Selectivity in Electric Pulse Fragmentation

Electric pulse fragmentation is a novel comminution methodolgy utilised in SelFrag systems where highly energetic electric pulses are used fragment composite solid objects into their component parts. EPF has a high selectivity and can offer enhanced liberation of components from a material allowing easier or increased recovery. These advantages are due to the selective nature of the fragmentation, i.e. the electric discharges are preferentially attracted to specific regions within a particle, concentrating the fragmentation energy where it can have the most beneficial effect, for example in removing components from electronic waste, selectively breaking metaliferous minerals from an ore, or disaggregating a scientifically valuable specimen without compressive crushing.


This article is designed to give a short introduction into the nature of the processes’ selectivity, and how this can be exploited to our advantage.


There are several stages to a fragmentation event which will be described in more detail below. These are:

  1. Polarization (& Electrostriction)
  2. Field distortion & dielectric permitivity
  3. Discharge
  4. Electrical Breakdown

  1. Polarization (& Electrostriction)

A dielectric material is an electrical insulator that can be polarized by an applied electric field. When a dielectric material is placed into an electric field, electric charges do not flow through the material as they do in a conductor, but instead slightly shift from their average equilibrium positions causing dielectric polarization of discrete components within the material. Particles with high electrical permitivity (Eo) have a stronger surface charge than low Eo particles. This creates a charge imbalance at the boundaries of these components, which causes a distortion in the electrical field.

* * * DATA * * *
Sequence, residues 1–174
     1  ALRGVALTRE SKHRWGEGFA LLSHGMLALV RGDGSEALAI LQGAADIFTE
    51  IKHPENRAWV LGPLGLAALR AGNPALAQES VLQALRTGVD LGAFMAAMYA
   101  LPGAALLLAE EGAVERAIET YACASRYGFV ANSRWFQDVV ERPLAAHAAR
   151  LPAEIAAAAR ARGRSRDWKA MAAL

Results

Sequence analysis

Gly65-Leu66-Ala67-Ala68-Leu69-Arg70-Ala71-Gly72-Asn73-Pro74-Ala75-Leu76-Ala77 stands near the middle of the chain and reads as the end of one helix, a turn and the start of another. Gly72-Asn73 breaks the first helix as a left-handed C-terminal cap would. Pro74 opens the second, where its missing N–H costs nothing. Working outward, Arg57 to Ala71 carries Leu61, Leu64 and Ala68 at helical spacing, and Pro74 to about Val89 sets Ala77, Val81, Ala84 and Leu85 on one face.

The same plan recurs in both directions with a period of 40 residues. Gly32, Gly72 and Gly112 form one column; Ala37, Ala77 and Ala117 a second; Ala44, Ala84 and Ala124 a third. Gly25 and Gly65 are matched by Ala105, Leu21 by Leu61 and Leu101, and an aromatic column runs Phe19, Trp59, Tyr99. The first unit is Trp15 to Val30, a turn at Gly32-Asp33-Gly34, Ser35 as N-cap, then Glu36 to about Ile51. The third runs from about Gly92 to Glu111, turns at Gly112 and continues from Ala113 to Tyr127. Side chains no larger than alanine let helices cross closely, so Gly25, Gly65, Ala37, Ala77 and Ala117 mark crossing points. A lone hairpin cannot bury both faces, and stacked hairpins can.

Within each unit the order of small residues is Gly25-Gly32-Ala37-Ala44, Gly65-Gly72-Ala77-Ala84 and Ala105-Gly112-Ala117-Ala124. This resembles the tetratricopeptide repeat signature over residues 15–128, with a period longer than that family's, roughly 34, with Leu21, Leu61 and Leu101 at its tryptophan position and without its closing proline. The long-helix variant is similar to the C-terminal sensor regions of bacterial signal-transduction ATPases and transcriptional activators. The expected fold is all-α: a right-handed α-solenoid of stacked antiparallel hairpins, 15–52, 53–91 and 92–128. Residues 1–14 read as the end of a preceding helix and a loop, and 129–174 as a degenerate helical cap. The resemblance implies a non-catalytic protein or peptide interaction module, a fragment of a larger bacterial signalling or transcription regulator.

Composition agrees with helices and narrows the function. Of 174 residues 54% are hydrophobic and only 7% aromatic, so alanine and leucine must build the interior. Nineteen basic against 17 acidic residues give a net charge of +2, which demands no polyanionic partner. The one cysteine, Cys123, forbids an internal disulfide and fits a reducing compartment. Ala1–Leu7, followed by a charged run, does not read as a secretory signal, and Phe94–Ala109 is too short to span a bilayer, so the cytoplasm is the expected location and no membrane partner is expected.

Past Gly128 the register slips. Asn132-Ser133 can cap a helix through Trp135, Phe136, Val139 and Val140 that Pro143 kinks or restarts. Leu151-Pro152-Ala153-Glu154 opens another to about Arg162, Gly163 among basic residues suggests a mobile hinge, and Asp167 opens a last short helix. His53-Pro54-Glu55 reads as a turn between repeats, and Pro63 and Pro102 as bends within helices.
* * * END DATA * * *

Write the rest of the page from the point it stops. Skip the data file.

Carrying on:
Schematic of a rock within an electrical field. Individual minerals becomes polarised and a charge imbalance develops at their boundary with the matrix material.


  1. Field distortion & dielectric permitivity

Minerals in rocks are dielectric particles and they can be considered as randomly-aligned electrical domains. When subjected to a strong electrical field, these domains align slightly. When materials of different dielectric permittivity are next to one another, the strength of the field distortion at the interface varies due the difference in dielectric constants of each material.


  1. Discharge

As discussed previously, plasma streamers develop when the voltage on the working electrode is sufficiently high. Theselectivity of the process arises as these streamers seek the ‘fastest’ route to the grounding electrode which is where there are perturbations in the electrical field. The streamer is thus forced toward more conductive particles along field distortion caused by charged surfaces.

Strong field distortion caused by the presence of high permitivity particles means the discharge pathway intersects these minerals preferentially on it’s way to the ground electrode, focussing breakage energy into the mineral boundaries.


  1. Electrical Breakdown

Once the streamer has grounded via the pathway of high permitivity minerals, the resulting plasma channel and shock wave act to weaken and disintegrate the material. The main fracturing will be along the primary discharge pathway, but other fractures will be generated along the paths of ‘failed’ streamers.



The explosive expansion of the plasma channel creates a shockwave which disaggregates the material from the inside.


Produced by Lightning Machines, Images by Alexander Weh.